4. April 2012 08:43
While on vacation in Costa Rica, our tour guide was quite candid while talking about government in his country. There were many things I found myself admiring as he spoke. I was also shocked with some of the problems he described they were having.
If my understanding is correct (all errors my own), they have a court that's akin to our Supreme Court. When legislation is passed, affected people lodge complaints which are heard by this court. Unfortunately it sounded like much of the legislation was stalled and it was incredibly difficult to get laws enacted. The example he gave was an extreme hike in traffic fines. A traffic ticket was previously in the range of (using a very approximate number) $40. The government decided to raise fines significantly - probably for the same reasons they do the same thing here: putatively safer behaviour and raising more revenue. Fines were raised astronomically to $600 a ticket.
It went to the court where it was argued that $600 was more than a month's salary for someone being paid minimum wage. The court rolled fines back to $20 - even lower than they were before. Our guide suggested the sensible solution was a much smaller raise in fines - perhaps from $40 to $60 and a points system against driver's licenses similar to what we have here. What he said sounded imminently reasonable to me, raise fines to fix behaviours and create solutions to problems, try solutions which have already proven themselves to have worked out. It sounded to me that it was all rolled back regressively because of what appeared to be simple greed on behalf of the government. Dirty baby bathwater.
That's futility in my mind. How can anything positive get accomplished when you have two segments of government working at such cross purposes with each other?
So I ask the question, why does our government in Alberta seem so bent on working at cross purposes with itself so often?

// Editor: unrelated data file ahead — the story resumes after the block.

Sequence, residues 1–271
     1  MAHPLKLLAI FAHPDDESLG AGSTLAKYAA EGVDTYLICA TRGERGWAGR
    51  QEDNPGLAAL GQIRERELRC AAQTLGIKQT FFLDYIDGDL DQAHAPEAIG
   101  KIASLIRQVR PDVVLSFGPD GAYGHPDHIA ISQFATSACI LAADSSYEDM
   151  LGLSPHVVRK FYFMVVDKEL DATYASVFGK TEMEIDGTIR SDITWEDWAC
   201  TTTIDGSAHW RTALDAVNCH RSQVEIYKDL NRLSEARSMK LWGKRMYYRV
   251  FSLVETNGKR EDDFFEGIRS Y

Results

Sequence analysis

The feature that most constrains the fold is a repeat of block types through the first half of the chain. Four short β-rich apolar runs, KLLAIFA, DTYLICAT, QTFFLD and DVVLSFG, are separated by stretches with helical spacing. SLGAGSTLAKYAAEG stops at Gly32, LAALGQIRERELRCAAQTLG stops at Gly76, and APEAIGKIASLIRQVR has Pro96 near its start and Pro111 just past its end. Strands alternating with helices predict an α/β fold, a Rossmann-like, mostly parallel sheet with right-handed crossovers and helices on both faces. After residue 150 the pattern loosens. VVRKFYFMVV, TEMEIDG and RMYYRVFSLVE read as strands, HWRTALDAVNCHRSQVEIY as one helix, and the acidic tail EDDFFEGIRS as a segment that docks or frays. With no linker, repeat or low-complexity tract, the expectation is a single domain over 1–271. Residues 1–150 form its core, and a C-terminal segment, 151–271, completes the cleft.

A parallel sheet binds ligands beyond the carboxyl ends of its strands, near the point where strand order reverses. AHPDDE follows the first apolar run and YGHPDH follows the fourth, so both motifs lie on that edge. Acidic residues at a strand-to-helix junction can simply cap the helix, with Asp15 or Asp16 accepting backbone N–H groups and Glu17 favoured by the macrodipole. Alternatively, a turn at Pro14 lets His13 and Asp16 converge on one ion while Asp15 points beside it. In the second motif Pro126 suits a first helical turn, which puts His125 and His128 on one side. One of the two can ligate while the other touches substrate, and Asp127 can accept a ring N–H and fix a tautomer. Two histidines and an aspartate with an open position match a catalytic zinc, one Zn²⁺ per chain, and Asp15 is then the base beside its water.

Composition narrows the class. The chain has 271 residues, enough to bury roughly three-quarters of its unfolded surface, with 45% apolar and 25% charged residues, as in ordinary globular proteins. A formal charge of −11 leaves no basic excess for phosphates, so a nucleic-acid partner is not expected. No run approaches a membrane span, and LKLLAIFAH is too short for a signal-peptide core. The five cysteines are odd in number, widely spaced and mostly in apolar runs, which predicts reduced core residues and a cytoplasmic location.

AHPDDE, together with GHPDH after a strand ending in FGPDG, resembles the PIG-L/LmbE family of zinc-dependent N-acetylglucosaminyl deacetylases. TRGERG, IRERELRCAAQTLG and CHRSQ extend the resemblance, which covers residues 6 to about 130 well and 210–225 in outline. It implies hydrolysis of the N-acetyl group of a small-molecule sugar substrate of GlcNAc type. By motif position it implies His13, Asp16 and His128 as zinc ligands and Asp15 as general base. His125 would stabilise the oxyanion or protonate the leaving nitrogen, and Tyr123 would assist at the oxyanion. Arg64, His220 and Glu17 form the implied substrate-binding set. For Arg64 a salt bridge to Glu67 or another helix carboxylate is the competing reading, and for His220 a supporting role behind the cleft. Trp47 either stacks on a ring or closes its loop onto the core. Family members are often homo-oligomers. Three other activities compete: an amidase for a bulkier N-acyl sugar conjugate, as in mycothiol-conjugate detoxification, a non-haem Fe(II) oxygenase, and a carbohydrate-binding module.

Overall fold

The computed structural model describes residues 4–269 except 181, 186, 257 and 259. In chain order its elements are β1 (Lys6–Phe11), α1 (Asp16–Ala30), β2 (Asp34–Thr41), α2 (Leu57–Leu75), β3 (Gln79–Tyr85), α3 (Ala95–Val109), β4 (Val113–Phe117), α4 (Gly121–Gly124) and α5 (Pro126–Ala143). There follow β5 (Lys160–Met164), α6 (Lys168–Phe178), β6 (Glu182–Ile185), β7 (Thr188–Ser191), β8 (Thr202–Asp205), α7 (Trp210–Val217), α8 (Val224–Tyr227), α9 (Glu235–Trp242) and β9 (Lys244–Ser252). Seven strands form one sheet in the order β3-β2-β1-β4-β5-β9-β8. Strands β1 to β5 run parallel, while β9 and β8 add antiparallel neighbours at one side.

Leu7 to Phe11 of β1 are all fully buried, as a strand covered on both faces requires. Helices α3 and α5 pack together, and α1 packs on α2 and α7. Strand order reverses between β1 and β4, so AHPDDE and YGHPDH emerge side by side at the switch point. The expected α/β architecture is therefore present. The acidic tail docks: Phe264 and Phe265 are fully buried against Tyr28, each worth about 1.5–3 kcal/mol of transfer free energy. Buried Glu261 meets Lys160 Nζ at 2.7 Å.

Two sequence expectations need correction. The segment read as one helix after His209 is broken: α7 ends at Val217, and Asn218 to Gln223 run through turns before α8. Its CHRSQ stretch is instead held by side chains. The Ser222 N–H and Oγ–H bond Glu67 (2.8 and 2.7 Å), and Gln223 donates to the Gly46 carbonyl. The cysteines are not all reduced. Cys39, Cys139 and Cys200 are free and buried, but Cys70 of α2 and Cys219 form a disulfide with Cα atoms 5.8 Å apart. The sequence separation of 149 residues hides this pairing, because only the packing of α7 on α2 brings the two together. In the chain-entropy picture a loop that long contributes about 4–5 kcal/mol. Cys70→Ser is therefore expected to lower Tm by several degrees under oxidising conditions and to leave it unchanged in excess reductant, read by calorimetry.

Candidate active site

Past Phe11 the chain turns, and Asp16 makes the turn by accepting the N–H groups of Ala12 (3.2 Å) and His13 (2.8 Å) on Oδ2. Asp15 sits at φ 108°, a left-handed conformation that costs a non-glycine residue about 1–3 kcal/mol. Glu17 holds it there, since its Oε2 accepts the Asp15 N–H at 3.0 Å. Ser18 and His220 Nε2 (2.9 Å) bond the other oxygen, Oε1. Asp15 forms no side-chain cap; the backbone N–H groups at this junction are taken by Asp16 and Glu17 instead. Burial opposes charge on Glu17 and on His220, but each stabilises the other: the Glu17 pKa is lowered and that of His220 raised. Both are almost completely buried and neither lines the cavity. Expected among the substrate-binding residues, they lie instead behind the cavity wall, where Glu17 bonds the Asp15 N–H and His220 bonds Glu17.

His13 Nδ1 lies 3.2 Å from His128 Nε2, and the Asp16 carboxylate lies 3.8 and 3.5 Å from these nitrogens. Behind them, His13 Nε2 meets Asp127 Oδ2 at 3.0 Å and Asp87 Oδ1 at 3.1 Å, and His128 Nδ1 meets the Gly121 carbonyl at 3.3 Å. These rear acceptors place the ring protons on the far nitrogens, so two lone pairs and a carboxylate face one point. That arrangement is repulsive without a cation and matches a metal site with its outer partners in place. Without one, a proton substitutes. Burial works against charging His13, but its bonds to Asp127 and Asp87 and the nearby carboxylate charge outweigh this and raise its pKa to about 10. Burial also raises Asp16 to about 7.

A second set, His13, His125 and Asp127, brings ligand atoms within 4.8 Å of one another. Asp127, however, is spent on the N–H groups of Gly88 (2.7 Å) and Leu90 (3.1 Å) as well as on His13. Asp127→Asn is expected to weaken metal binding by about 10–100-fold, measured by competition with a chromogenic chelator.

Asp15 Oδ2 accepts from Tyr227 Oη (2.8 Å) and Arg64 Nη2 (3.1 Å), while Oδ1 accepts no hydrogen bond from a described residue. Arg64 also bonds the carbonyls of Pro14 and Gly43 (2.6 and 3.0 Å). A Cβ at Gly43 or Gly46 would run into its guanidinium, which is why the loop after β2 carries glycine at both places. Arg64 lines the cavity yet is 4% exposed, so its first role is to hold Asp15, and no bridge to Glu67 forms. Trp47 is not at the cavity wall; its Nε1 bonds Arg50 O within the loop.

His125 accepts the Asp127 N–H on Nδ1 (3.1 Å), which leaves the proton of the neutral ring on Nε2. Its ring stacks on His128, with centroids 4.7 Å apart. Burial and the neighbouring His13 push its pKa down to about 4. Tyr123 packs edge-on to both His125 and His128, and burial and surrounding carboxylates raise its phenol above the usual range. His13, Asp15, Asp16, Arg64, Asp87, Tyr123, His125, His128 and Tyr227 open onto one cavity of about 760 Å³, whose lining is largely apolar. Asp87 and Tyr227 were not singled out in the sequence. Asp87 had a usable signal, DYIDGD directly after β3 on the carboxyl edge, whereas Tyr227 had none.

Why do we consolidate Health Regions to nine, then to one, then expand middle management because a single Health Region proved to be unwieldy and non-responsive? Why do we starve the medical system in the lean times then throw money at it hand over fist to solve problems once they hit critical mass?
Why do we scrimp our education system, nickel and diming parents with fees every step of the way but promise new schools and services every time an election rolls around?
How can we cut, cut, CUT the wages and gold-clad pension plans of our MLAs but sneak in committee pay and other perks and benefits when the public doesn't appear to be looking?
To me, the root cause is an absence of planning and forethought. Not a complete absence, mind you. Different arms of government appear to have plans in place. Consolidating health regions makes sense when you're looking at dozens if not hundreds of small, independent organizations that don't work together well and can't take advantage of bulk ordering. That consolidation does not make sense when it takes so much effort for the beast to lift itself off the ground that any savings get wasted in the process. Not building schools willy-nilly is a good thing, but refusing to replace a school that is so dilapidated that it costs more in repairs than to build anew is utter foolishness. Declaring a pay cut while backhandedly giving yourself a raise is simply deplorable. I cannot think of a single ethical occupation that allows its members to give themselves raises without oversight.
The solution to counter productive measures is open and transparent planning. The plans need to be discussed in wide forums, reaching as many people as possible. Each person affected deserves to be heard - how else can we judge what impacts we are exerting upon other Albertans? These are our neighbours, friends and family! We feel the impacts upon ourselves! Stop dumbing down every issue for the soundbyte and start planning complete solutions.
So the election is a week old and I'm catching up now. I feel a little gobsmacked so far.
Let me pose the question: Which part of the election have you been paying attention to so far? Which person was most offended by what someone else said? Which person is making the biggest promise that will benefit you the most personally?
Or are you listening to the conversations about solving the problems of Albertans? How to best ease the boom and bust cycles? How can we best live healthy, happy lives and how to best regain our health when we fall sick? How we can best raise our children to have the skills in the future to be the workers and leaders our society will need? How do we ensure that we use our resources wisely, at fair value, and without irreparably harming our environment? How do we ensure that our representatives will remain responsive to our needs and actually represent our wishes?
I will discuss views on specific points raised and topics of interest. I don't plan to shy away from conversation, I welcome it.
But this is my line in the sand. My discussion is about solving problems Albertans experience, and our problems deserve to be treated with respect and dignity. It is true, we can dream bigger. We'll be further ahead when we talk about what really matters to you and to me.
Tomorrow: Ralph Bucks 2, sequels suck.